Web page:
Complying with the new BIM mandate for high-rise residential buildings – By Julia Valentine

What to do with the quality of high-rise residential building has been a UK focus ever since the Grenfell tragedy two years ago.

The Government’s response in mandating Building Information Modelling (BIM) for all new residential buildings above 18 storeys is a start. While many forward-thinking organisations have already been doing this for some time, this step indicates the importance of BIM. The UK construction industry is progressing with BIM thanks to the UK government’s Level 2 BIM mandate on public sector projects. This non-public sector building mandate takes us a step further.

High-rise residential buildings are just the start

By making BIM mandatory on high-rise residentials, the government is making a clear statement that BIM is going to positively impact health & safety. The mandate was introduced following the Hackitt Review of how the deaths of Grenfell could have been avoided. If there had been a BIM model of the building, the cladding could have been better analysed. The building owner could have noticed the lack of sprinklers sooner.

Introducing this mandate will ensure that all current high-rise residential buildings will become easier to monitor. Building owners will instantly be able to understand the building’s health & safety implications, fire precautions and more. We at Kreo have been talking for some time about the advantages of BIM for the property and real estate industry. We hope this mandate will speed up action and encourage more conversation about BIM in the industry.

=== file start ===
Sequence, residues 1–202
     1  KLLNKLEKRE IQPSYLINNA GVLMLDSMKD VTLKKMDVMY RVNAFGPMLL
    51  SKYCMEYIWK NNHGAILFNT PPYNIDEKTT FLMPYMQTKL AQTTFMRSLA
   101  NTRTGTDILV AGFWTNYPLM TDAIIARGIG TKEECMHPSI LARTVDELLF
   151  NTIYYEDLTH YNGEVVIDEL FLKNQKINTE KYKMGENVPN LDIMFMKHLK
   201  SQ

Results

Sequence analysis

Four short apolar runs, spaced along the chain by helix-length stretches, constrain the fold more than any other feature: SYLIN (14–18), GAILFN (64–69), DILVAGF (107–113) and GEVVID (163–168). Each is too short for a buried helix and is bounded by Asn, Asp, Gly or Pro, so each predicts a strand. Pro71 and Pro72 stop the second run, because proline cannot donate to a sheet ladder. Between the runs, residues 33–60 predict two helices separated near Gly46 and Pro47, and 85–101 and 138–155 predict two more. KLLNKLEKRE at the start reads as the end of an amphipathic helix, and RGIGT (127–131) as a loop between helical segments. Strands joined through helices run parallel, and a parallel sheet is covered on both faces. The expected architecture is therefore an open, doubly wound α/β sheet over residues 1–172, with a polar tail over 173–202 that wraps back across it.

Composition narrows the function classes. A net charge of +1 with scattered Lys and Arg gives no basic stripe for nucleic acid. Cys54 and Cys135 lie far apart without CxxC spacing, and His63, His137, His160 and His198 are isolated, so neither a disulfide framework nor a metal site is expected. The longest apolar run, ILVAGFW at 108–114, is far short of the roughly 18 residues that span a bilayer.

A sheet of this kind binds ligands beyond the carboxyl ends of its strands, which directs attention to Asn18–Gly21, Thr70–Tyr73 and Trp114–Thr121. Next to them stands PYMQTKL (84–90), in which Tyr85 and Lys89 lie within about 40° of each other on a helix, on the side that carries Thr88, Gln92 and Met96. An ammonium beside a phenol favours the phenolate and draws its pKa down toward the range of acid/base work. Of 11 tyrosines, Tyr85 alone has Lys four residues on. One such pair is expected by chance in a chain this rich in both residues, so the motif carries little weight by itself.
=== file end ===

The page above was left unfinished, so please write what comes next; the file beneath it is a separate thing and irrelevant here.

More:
Since the introduction of the government’s public sector mandate of BIM level 2, construction companies scrambled to get to grips with the processes. Before this, BIM was not really pushed, as it requires new ways of thinking and working. It requires more time, effort and money up front in the planning stages of a project. While this was generally agreed to be a good idea, few companies in 2011 felt they had the resources to take this on. Now, eight years later, most general contractors are able to comply with BIM on major projects. It’s a matter of making business change a priority.

The new BIM mandate on high-rise residential buildings will push the property industry to further invest in BIM. Again, few developers are interested in or see relevance in BIM. It’s usually just the developers who go on to own the building who see value. But thanks to the government mandate, we expect more developers to see for themselves how BIM will improve project outcomes on all projects.

Making BIM open to everyone

For the property industry, the government mandate may still seem irrelevant. Surely BIM is the contractor’s problem? Magomed Galaev, Kreo’s CEO & founder, spoke at the Chartered Institute of Housing’s annual conference about digital transformation. He made developers and housing associations aware of the dangers of doing nothing when it comes to BIM. Those who adopt it first will be the disruptors in the industry. Those who delay will lose out…

So how can developers get more involved?